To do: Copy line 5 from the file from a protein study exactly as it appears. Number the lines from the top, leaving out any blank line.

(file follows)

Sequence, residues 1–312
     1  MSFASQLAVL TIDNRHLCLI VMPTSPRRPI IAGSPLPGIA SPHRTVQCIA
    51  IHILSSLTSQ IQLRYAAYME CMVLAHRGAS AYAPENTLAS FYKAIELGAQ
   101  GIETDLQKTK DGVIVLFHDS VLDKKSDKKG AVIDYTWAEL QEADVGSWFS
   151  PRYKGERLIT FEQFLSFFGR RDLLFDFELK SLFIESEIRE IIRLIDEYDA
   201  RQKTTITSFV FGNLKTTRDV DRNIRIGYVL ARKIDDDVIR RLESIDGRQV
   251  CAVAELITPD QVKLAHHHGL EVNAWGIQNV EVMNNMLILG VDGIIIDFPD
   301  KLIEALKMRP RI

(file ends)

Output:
   151  PRYKGERLIT FEQFLSFFGR RDLLFDFELK SLFIESEIRE IIRLIDEYDA